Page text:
Runbooks are your SQL Server Agent for Azure SQL Database. Lately, Microsoft have been making quite a few changes to how to create and manage Runbooks in the Azure Preview Portal. In this article, I'll have a look at 5 of the most exciting features that pertain to Azure SQL Database.
1. Graphical Runbooks
For me, the best thing about authoring Runbooks in the new Preview Portal is the ability to create Graphical Runbooks. Graphical Runbooks gives you an "SSIS'esque" interface to create and manage your Runbooks. You can have Runbooks to call other Runbooks, get runbooks to run in parallel and set conditions as to whether or not control will proceed from one Runbook to another. All of this programming is laid out graphically so that it is very easy to visualize what is happening.
2. Add Powershell Cmdlets to Design Surface
While on the topic of Graphical Runbooks, another new feature is the ability to add Powershell cmdlets directly to the design surface. All of the available cmdlets are listed on the left hand side of the UI, and you just need to right-click the cmdlet in order to add it. Once added, there is a graphical interface that lets you add parameters to the cmdlet. Below, I've shown the addition of a Start-Sleep cmdlet and the parameters that can be configured.
Webhooks give you the ability to invoke a Runbook through an http reuqest. Webhooks allow you to expose Runbooks to other applications and allow them to be run using an http post. As you can see below, setting up a Webhook is a trivial process.
4. Better Test Pane
Azure people seem pretty divided over the UI of the Azure Preview Portal. After years of web development, it seems inherently evil to me to force people to scroll horizontally. In the Azure Preview Portal, you do that a lot as you open up new "blades". I vacillate between getting annoyed at this scrolling, and thinking that there is just so much information to show that it does work sometimes (I know - way to ride the fence). One area where the blades/horizontal scrolling does work is in the Test Pane, which is your interface to test your Runbook, see if there are any errors and swear at it when it errors. In the Azure portal, the Test Pane only occupies 1/3 to 2/3 of the screen. In the Azure Preview Portal, you get an entire new Blade for the Test Pane so you can see a lot more of what is going on.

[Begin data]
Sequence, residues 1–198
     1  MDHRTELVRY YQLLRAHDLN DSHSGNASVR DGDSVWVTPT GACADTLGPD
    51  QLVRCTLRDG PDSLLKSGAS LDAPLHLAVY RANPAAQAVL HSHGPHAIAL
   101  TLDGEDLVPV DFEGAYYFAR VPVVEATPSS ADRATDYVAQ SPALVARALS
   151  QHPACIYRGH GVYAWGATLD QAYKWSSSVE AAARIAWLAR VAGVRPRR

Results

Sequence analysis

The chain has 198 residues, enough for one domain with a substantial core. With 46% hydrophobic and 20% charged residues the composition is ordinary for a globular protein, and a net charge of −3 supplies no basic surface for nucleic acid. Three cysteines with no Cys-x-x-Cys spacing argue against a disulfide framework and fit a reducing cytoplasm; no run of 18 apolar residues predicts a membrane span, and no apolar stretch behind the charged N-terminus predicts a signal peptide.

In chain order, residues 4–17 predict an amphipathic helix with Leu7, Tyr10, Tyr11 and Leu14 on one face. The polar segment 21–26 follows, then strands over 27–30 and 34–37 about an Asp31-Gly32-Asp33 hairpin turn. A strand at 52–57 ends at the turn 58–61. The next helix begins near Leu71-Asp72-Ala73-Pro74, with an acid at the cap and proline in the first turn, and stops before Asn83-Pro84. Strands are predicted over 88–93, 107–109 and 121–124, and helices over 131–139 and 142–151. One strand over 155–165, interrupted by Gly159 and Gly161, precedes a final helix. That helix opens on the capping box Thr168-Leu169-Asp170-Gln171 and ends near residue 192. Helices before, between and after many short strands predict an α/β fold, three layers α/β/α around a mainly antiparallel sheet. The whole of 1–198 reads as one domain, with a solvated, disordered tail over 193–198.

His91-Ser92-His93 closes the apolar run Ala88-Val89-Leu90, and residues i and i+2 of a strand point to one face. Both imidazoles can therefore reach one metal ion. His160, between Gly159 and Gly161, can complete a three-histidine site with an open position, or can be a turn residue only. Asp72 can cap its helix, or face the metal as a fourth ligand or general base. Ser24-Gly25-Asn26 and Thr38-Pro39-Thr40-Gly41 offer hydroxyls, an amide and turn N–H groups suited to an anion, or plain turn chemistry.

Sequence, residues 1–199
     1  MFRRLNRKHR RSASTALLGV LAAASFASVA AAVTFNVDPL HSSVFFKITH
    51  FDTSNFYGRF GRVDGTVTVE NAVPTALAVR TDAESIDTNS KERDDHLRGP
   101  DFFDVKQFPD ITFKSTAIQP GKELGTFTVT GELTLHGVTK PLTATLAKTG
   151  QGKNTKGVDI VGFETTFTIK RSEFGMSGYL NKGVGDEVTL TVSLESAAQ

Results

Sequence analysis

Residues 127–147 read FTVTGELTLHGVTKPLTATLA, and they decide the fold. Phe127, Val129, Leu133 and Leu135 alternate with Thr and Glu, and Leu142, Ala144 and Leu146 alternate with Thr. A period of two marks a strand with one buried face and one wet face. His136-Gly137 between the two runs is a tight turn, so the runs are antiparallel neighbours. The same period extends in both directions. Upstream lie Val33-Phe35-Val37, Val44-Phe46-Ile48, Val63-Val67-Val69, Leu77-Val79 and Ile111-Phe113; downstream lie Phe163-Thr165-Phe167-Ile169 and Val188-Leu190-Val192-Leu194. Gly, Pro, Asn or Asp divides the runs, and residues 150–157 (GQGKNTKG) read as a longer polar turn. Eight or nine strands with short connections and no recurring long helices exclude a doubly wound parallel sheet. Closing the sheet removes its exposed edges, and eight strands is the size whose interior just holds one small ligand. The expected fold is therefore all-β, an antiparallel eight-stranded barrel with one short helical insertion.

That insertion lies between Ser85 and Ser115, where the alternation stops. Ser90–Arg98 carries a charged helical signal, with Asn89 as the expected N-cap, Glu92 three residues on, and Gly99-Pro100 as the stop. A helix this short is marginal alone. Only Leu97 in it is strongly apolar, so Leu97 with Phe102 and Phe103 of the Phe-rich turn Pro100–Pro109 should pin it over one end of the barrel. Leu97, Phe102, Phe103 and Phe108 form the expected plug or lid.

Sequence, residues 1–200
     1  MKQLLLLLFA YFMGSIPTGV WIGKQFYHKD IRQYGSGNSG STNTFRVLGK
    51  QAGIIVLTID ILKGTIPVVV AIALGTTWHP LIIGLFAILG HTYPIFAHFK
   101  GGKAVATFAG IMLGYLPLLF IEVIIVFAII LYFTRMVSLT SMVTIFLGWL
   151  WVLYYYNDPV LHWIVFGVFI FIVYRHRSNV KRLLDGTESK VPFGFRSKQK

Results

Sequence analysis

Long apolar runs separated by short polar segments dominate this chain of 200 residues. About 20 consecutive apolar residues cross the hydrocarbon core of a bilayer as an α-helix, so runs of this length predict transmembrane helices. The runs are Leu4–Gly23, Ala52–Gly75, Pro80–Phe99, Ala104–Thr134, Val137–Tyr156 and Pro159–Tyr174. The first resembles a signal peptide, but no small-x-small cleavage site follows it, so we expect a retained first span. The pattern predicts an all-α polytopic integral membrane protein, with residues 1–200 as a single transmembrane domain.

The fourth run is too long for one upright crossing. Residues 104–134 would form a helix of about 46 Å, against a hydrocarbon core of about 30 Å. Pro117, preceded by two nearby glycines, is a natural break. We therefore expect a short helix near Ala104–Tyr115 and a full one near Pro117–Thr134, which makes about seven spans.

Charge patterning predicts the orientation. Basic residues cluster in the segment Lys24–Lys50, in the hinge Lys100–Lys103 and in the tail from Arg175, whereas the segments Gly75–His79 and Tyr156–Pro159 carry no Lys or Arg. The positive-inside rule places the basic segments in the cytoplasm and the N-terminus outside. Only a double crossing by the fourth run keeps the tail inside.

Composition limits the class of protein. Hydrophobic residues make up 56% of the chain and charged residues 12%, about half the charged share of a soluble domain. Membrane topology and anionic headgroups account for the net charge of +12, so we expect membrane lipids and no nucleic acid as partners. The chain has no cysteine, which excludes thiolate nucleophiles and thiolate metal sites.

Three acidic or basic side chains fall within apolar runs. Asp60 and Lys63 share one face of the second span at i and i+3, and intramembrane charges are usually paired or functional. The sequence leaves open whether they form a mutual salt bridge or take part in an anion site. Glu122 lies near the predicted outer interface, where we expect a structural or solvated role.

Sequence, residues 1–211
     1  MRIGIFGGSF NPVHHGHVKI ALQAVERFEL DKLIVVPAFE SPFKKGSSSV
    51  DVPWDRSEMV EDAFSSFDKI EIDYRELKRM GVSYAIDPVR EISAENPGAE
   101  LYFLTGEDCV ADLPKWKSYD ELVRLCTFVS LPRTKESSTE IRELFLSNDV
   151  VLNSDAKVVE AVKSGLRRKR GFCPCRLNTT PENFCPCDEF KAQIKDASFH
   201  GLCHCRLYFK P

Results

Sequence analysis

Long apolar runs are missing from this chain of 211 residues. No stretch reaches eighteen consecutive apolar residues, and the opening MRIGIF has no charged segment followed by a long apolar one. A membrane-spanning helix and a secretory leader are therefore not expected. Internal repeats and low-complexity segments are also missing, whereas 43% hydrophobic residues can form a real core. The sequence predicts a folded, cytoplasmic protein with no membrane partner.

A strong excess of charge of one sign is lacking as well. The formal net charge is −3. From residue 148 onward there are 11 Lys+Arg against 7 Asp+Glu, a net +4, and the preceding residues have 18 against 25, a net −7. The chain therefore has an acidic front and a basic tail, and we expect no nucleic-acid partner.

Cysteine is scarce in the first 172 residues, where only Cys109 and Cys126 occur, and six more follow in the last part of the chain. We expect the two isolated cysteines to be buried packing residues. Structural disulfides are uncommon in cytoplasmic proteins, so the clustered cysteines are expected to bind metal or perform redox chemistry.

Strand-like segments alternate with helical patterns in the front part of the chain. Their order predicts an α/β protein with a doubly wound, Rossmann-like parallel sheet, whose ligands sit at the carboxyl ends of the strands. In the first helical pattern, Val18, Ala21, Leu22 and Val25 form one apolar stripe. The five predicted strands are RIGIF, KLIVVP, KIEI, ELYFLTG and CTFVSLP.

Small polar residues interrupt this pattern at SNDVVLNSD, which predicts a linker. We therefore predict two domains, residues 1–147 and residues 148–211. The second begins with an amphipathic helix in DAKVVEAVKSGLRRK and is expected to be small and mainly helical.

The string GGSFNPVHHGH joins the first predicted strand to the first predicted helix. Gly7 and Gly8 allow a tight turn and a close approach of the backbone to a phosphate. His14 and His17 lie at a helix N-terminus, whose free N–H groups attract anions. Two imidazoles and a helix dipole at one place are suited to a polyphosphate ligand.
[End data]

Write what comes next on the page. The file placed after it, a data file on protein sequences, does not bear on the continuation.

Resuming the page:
5. Integration with the Gallery
Microsoft (as well as members of the Azure Community) have come up with a ton of great Runbooks to help get you started as well as do some routine tasks. You now have the opportunity to choose from this library of Runbooks when creating a new Runbook. Just by Searching for "SQL" you can see that there is a lot of great starter code that will really reduce your development time and effort.
It is definitely getting easier to create Runbooks. With the new Graphical Interface with the ability to add Powershell cmdlets, Webhooks and useability enhancements, Runbooks are becoming a first class citizen of the Azure SQL World.